On 4 March 2007 at Community Church in Amherst, Ohio, John Randall delivered an eloquent speech he had spent weeks editing and perfecting. Entitled “The Perfect Storm,” John talked about having gone to the doctor’s office on 4 February 2005 with a cold but leaving with a diagnosis of terminal lung cancer. The day after having been diagnosed, he said, he initiated what would become a beloved and widely-traveled blog in which he chronicled what it is like to be thrust into the center of one of God’s perfect storms.
In these blogs, John wrote with candor and grace about the emotional, psychological, physical, and spiritual challenges he had faced. He also wrote of the unexpected gifts that are bestowed during such a storm. The chief among them, he said, was the opportunity to stand firm in one’s faith and to “go out” singing the praises of our Creator.
The other magnificent gift John would receive because of making this tragic journey through cancer is the woman he made his wife on 6 October 2006, which was his sixtieth birthday.
Five months previous, my friend, Dawn, had come to hear John as he spoke to a different church group about matters of faith in the face of terminal illness. She fell in love at first sight.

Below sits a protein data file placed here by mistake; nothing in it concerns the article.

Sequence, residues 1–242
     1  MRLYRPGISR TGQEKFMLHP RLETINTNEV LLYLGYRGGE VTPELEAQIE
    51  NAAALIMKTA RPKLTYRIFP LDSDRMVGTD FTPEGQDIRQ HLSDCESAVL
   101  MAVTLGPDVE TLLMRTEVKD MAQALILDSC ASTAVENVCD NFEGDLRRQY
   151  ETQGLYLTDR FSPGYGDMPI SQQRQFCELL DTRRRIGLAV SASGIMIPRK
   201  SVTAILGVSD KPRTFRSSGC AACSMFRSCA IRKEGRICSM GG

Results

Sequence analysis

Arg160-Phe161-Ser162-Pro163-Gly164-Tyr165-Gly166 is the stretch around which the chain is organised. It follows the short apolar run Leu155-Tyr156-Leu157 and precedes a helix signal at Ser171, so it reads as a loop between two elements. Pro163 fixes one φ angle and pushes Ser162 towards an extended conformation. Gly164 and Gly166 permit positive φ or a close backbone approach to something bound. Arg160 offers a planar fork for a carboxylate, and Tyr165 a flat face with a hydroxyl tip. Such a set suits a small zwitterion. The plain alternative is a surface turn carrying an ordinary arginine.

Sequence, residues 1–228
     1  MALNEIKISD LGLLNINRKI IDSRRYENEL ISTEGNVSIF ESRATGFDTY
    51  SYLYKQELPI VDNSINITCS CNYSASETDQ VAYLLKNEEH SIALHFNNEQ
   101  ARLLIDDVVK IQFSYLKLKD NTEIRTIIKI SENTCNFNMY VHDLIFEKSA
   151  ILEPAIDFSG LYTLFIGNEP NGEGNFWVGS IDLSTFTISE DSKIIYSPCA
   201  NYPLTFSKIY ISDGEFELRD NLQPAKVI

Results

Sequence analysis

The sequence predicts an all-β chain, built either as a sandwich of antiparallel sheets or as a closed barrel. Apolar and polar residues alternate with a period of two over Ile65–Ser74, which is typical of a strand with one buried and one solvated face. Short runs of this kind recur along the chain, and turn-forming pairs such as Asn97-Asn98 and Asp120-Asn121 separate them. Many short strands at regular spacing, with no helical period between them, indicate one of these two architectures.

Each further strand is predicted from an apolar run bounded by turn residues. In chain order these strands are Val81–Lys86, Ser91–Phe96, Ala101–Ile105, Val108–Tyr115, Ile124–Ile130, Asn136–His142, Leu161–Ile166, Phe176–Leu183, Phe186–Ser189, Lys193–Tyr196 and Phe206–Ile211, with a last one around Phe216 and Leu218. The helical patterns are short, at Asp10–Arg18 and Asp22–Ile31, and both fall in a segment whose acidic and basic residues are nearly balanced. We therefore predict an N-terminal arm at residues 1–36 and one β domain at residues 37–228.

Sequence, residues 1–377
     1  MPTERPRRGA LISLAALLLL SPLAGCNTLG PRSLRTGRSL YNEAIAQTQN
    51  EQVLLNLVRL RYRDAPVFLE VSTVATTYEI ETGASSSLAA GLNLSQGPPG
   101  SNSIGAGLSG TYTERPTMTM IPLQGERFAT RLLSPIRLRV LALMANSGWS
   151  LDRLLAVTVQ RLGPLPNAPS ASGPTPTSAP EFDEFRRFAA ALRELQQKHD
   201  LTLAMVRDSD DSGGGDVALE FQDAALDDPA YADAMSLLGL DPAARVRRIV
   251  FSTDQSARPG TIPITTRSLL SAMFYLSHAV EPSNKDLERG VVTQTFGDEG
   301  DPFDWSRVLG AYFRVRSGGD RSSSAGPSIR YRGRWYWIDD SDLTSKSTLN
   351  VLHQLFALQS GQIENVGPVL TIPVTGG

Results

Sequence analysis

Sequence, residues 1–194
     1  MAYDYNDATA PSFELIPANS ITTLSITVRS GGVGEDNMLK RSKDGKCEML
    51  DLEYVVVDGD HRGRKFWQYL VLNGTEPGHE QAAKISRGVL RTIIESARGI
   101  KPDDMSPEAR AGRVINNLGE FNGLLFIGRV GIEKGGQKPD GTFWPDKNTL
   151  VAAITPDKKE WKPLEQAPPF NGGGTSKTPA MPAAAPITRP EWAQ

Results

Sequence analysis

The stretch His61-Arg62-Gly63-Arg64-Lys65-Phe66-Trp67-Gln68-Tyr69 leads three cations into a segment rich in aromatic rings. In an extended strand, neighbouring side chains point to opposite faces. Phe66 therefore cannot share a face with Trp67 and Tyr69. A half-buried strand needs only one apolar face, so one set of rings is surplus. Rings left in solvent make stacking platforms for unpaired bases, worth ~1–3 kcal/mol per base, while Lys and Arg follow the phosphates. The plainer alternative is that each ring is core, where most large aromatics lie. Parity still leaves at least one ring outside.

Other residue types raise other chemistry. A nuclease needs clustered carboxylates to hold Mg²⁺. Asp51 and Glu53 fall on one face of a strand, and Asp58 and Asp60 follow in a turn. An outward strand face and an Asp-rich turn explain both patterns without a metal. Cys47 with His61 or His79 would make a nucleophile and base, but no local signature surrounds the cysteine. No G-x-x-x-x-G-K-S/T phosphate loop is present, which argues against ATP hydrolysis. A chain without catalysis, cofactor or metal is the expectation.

We are left to ponder: if he had not been sick, would they have met? When I mused on this hypothetical John just smiled and said it was all simply part of God’s plan.
Several hundred people were in the Community Church audience to hear John’s speech, including some of his former students. John wrestled with a severely diminished lung capacity to deliver his beautifully crafted speech. He always protested that he was not a poet, but Dawn and I disagreed, for his view of the world and everything in it was invariably poetic. This speech proved us correct.
I was sitting beside Dawn during John’s speech. I kept stealing glances at my friend. Like everyone else in the room, Dawn was spellbound. Unable to take her eyes off him, her admiration and adoration showed plainly on her face. From the podium, he found the strength he needed to carry on every time he looked at her.
When John concluded his remarks, the audience warmly applauded the courage and convictions of this amazing man. Pride, co-mingled with profound sadness, washed over me. Blinking back tears, I glanced away from John to the windows at my left.
It was cold but clear when we had entered the church earlier that morning. Now, however, big, fluffy snowflakes were twirling and swirling through the air, drawing intricate curlicues, as if the snowflakes were dancing elaborate minuets . . . as if they were in no hurry to arrive at their destination . . .
And the thought occurred to me: This dance in the sky is God’s applause.
I came home and wrote this poem for John.